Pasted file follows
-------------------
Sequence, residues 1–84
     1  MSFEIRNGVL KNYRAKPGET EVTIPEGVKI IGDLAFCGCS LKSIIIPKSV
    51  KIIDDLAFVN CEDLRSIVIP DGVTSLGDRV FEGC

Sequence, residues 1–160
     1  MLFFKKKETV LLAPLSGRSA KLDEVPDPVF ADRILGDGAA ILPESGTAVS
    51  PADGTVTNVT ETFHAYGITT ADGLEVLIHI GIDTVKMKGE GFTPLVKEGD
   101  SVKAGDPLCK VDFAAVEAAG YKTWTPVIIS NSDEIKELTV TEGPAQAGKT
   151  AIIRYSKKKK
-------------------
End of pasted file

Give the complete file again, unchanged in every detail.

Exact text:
Sequence, residues 1–84
     1  MSFEIRNGVL KNYRAKPGET EVTIPEGVKI IGDLAFCGCS LKSIIIPKSV
    51  KIIDDLAFVN CEDLRSIVIP DGVTSLGDRV FEGC

Sequence, residues 1–160
     1  MLFFKKKETV LLAPLSGRSA KLDEVPDPVF ADRILGDGAA ILPESGTAVS
    51  PADGTVTNVT ETFHAYGITT ADGLEVLIHI GIDTVKMKGE GFTPLVKEGD
   101  SVKAGDPLCK VDFAAVEAAG YKTWTPVIIS NSDEIKELTV TEGPAQAGKT
   151  AIIRYSKKKK